Ouchy!! I’ve seen these injuries many times in both A+E and in the forensics lab. Pedestrian vs Car. The tibial fractures are secondary to the bumper.

But if you get faced with this in A+E/ER - do ABCDE first, but be aware that you may have to deal with catastrophic haemorrhage from the legs if there are bleeding arteries. Immobilise! This patient (if they are alive) will be heading for bilateral external fixators!

Be prepared to deal with stuff like this in A+E/ER!


A) you could tell me this isn’t cool, but I would disagree COMPLETELY
B) I like that metal hand holding down the hand

It is cool, the pulleys in the fingers holding down the tendons are stunning!! Know these for A+E/ER. Very useful in tendon damage and lacerations to fingers and hands. Learn your ANATOMY!!

As for the metal hand - its lead, very malleable and brill to play with (not that I ever did!) ; )

(Source: vvarcrimes)


Man Walks Again After Surgery to Reverse Muscle Paralysis

After four years of confinement to a wheelchair, Rick Constantine, 58, is now walking again after undergoing an unconventional surgery at University of California, San Diego Heath System to restore the use of his leg. Neurosurgeon Justin Brown, MD, performed the novel 3-hour procedure.

“Following a car crash, Mr. Constantine had a brain stem stroke that caused paralysis on the right side of his body.  His leg muscles became so severely spastic that he could not walk,” said Brown, director of the Neurosurgery Peripheral Nerve Program at UC San Diego Health System. “Our team performed a delicate surgery to reduce input from the nerves that were causing the muscles to over contract to the point of disability.”

“After my injury, I was told I would never walk again. All I could to was move from my wheelchair to my bed or a chair,” said Constantine, a former NASCAR crew member. “After surgery with Dr. Brown, I could put my foot flat on the ground to walk. With physical therapy, everything just gets better and better. I’m a firm believer in never giving up.”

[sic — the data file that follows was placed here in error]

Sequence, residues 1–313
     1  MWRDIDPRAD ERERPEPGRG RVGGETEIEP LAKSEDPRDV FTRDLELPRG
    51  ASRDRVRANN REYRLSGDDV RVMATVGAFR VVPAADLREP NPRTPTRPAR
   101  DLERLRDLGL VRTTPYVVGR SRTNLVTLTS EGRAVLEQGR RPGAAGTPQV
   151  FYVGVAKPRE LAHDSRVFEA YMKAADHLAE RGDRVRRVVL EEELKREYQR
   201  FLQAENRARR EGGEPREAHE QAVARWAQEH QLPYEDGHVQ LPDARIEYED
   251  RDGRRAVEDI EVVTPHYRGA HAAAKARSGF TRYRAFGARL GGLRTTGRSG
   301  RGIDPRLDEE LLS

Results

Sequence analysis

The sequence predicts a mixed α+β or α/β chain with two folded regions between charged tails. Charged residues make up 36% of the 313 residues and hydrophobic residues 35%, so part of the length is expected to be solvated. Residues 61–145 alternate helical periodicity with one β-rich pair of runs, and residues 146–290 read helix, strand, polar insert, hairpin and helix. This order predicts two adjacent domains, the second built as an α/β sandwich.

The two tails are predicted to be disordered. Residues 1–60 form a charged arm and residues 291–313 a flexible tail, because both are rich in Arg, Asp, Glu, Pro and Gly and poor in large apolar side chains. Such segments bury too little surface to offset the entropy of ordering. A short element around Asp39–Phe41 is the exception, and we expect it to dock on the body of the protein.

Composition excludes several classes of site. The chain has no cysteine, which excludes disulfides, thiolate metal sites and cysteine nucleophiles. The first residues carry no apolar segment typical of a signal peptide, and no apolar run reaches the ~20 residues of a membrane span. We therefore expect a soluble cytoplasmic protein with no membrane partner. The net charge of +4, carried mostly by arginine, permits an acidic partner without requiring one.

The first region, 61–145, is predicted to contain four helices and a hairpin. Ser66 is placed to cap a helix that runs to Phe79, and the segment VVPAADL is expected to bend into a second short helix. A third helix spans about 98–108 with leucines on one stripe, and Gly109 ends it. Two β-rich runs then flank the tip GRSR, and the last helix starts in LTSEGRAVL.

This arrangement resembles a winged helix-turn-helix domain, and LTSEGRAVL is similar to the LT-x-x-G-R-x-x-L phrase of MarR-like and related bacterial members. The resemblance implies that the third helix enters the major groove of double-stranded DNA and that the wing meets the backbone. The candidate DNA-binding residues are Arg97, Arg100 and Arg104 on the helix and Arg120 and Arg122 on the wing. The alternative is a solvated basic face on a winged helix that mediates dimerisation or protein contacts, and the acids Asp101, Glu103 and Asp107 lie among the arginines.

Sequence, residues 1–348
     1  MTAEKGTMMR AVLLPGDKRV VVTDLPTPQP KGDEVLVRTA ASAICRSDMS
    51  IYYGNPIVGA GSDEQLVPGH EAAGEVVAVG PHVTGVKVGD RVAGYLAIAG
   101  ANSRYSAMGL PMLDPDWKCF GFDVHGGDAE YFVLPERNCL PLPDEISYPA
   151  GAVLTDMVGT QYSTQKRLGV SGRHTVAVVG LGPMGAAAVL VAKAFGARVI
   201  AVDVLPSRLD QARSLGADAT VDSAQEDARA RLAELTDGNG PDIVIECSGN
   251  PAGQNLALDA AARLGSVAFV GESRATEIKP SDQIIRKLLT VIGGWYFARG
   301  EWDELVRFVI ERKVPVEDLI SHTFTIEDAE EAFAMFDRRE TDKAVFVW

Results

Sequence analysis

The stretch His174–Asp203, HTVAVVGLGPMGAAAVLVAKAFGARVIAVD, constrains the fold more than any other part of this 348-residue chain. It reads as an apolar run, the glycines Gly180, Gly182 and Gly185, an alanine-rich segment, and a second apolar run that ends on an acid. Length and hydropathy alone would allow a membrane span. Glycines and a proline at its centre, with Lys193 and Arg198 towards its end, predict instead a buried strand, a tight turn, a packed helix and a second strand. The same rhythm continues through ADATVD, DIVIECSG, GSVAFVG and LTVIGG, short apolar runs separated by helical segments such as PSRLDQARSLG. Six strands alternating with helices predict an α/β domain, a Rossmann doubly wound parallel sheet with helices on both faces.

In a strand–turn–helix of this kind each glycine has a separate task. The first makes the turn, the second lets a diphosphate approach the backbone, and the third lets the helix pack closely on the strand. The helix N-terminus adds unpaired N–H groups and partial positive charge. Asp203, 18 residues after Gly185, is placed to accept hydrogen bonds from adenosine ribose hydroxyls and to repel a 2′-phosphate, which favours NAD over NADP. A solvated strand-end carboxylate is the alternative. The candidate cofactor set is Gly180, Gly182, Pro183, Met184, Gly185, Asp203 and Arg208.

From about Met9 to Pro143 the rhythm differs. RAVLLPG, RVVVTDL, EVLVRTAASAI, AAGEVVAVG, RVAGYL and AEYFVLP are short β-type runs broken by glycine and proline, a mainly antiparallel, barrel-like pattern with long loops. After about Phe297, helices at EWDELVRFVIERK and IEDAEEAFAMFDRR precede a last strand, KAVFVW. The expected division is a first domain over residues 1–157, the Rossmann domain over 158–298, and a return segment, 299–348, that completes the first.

Prior to surgery, Constantine underwent botox treatments and physical therapy in an attempt to restore the use of his leg. The results were positive but minimal. An additional nerve conduction study, called an electromyogram (EMG), identified the muscles causing the dysfunction.

“When all other options did not produce satisfying results, we opted for surgery,” said Brown. “With the EMG, we identified the over-excited nerves that needed to be downgraded. Mr. Constantine had surgery on a Friday and within days was in physical rehabilitation. Two weeks later he was walking without a walker and has even completed a 1-mile race without assistance.”

The surgery, called a selective peripheral neurotomy, is a procedure performed under a microscope.  Brown makes an incision behind the knee to reach the tibial nerve. He then selectively trims back the troublesome nerve branches by up to 80 percent.  Cutting the nerve reduces the “noise” being relayed back to the spinal cord which causes the spasticity.

More here

Patient of the day

26 yo male post lap chole.
No one in recovery thought something might be wrong, when the drain bottle needed to be changed (they are 500mls).
Only the wonderful scrub nurse who has a fab head on his shoulders went “woah!! Check the patient!!” After being asked for another drain bottle! O_O

BP 70/30
Very weak distal pulses
Cold and very clammy!
More confused!

Hmm, hypoxia secondary to hypovolaemia?

Straight from recovery into emergency theatre. Loads of clots, but no obvious bleeding point!

Lesson from today-
If the drain bottle is full, get the surgeons!! There is a bleed!